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Independent Living Journal cover...

Publications

Independent LivingVolume 25 No 3

  published in September 2009

Featured Articles

Mounting in position - Considerations to be taken

By Justin Ware, Occupational Therapist, Tasc Consultancy Service, The Spastic Centre, NSW

As technology improves, an increasing number of high-tech communication devices are coming on to the market. A critical component affecting the successful use of any communication device is its availability to the user throughout the day, in different environments. For a wheelchair user, the best way to ensure secure, consistent and functional positioning of a communication device is to have it mounted to the personís wheelchair.

Positioning a communication device on a personís wheelchair tray is not recommended as device could be dropped on to the floor. It also means that the device can move around on the tray, which can make access difficult for some device users. This article will discuss some of the considerations that need to be made when looking at mounting a communication device.

Communication systems

Comprehensive services in augmentative & alternative communications - By Janelle Sampson, Senior Speech Pathologist, Project Manager, Statewide Complex Communication Needs Project

In the field of augmentative and alternative communication (AAC), the importance of multimodal communication systems with consideration of both electronic and non-electronic options is not a new idea. However, the current trend of review and restructure of funding programs for assistive technology within most states is a timely reminder that we ensure the baby is not thrown out with the bathwater.

While we advocate and propose programs that allow people with complex communication needs (CCN) access to the incredible technology now available in speech generating devices, we must also remember the importance of integrating these systems with non-electronic (or low-tech) forms of communication. Without a holistic approach to assessment, prescription and ongoing review of all communication modalities and how they are used, those highly sought after funding dollars for expensive devices will not be utilized to their full potential.

Speech generating devices

Providing users with a way to generate spoken messages - By Esther Bird, Speech Pathologist, COMTEC, Yooralla, Victoria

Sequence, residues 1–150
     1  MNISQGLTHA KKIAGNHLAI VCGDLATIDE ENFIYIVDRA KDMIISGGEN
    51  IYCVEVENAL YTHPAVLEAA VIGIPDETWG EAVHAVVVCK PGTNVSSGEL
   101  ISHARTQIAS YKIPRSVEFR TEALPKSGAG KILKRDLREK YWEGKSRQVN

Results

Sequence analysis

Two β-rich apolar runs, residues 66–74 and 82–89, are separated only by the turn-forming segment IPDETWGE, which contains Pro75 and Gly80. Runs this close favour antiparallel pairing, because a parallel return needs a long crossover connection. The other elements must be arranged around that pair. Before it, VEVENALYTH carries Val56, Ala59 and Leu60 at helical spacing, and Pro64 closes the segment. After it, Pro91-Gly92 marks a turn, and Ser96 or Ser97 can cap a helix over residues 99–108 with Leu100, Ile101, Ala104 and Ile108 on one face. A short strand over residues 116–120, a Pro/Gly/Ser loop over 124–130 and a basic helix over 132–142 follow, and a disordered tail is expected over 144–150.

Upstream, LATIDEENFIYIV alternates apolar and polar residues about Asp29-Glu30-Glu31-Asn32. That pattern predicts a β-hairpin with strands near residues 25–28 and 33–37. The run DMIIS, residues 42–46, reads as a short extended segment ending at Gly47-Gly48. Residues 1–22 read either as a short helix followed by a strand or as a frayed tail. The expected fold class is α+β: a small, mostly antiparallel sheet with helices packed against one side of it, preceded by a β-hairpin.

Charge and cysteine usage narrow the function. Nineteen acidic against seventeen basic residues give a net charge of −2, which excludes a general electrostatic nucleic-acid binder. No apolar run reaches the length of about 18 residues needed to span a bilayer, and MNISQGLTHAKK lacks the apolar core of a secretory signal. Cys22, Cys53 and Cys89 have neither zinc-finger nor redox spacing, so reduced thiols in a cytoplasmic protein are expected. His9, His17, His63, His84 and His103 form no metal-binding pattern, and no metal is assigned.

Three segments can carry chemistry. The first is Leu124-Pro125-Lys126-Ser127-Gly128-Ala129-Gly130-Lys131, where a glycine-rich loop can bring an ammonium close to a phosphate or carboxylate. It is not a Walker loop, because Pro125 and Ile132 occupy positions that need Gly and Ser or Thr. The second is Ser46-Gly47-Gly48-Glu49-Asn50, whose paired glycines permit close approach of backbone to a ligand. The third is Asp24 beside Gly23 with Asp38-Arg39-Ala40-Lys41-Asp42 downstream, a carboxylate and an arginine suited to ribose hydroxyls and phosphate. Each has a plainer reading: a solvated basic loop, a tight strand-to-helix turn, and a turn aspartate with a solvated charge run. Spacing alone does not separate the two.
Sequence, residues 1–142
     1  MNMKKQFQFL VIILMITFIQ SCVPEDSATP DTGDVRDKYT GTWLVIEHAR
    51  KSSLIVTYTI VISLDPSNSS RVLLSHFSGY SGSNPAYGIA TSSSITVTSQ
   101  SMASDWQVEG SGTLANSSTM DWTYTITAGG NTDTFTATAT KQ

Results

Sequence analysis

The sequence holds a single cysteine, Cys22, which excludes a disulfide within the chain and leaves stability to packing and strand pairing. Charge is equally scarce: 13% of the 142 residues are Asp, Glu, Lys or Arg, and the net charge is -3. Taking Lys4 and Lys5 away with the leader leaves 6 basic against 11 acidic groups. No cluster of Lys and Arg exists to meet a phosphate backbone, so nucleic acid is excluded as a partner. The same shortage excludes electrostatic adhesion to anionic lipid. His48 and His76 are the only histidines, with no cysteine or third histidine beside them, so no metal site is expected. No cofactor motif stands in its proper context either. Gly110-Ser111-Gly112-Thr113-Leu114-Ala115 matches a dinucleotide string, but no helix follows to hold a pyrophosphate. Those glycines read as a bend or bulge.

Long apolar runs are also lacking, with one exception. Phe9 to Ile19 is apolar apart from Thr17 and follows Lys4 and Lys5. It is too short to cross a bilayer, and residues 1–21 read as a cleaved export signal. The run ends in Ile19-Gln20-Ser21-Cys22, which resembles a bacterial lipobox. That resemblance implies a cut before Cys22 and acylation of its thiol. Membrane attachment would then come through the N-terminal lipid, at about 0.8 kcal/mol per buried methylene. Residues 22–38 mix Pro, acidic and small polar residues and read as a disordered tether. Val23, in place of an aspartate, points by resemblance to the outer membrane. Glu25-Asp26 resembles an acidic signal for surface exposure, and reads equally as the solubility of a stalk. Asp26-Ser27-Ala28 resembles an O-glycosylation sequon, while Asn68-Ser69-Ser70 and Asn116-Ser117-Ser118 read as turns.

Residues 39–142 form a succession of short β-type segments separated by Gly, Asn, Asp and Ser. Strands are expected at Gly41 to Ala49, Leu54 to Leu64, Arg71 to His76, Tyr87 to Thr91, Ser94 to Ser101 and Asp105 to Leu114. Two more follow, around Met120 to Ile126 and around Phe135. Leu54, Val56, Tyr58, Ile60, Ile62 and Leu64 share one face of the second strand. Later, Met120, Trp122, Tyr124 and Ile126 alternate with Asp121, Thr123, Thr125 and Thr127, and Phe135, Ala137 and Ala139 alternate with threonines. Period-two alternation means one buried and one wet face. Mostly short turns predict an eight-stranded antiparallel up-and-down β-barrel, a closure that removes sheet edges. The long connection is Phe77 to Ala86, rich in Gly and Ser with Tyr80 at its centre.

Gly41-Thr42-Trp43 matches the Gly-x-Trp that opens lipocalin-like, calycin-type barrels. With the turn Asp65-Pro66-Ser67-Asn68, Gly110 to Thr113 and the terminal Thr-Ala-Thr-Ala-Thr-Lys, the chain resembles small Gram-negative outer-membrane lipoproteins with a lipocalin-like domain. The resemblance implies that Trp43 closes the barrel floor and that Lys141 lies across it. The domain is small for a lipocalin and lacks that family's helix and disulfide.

The Term Speech Generating Devices (SGD) refers to a device which provides the user with a way of generating a spoken message Ė by selectively playing a message with human-recorded voice (digitised speech) or by using a computer-generated voice (synthesised speech). They have previously been known by the terms Electronic Communication Devices and Voice Output Communication Aids.

Speech Generating Devices fall into the category of Augmentative and Alternative Communication (AAC), that is, systems and strategies that expand on, or offer an alternative to using natural speech. Speech pathologists are trained and experienced in assisting people with speech and language difficulties and should be consulted when considering any form of AAC.

Developments in computer technology in the past few years have contributed to some rapid advances in SGD options available. Devices have become smaller, faster, increased in memory capacity and have expanded the range of functions they are able to perform.

Digital dialogue

Long term support using a speech generating device - By Diane Symons, Speech Pathologist, ILC Tasmania, Technology Access Service

The need for ongoing support of any assistive technology to prevent abandonment is well documented. However, this is not a case of potential assistive technology abandonment. Timís Pathfinder is essential to his everyday quality of life and he has no thoughts of abandoning his equipment.

Rather this is a case study of the support it requires to maintain his basic communication method and the support factors that limit his opportunities for further development and mastery.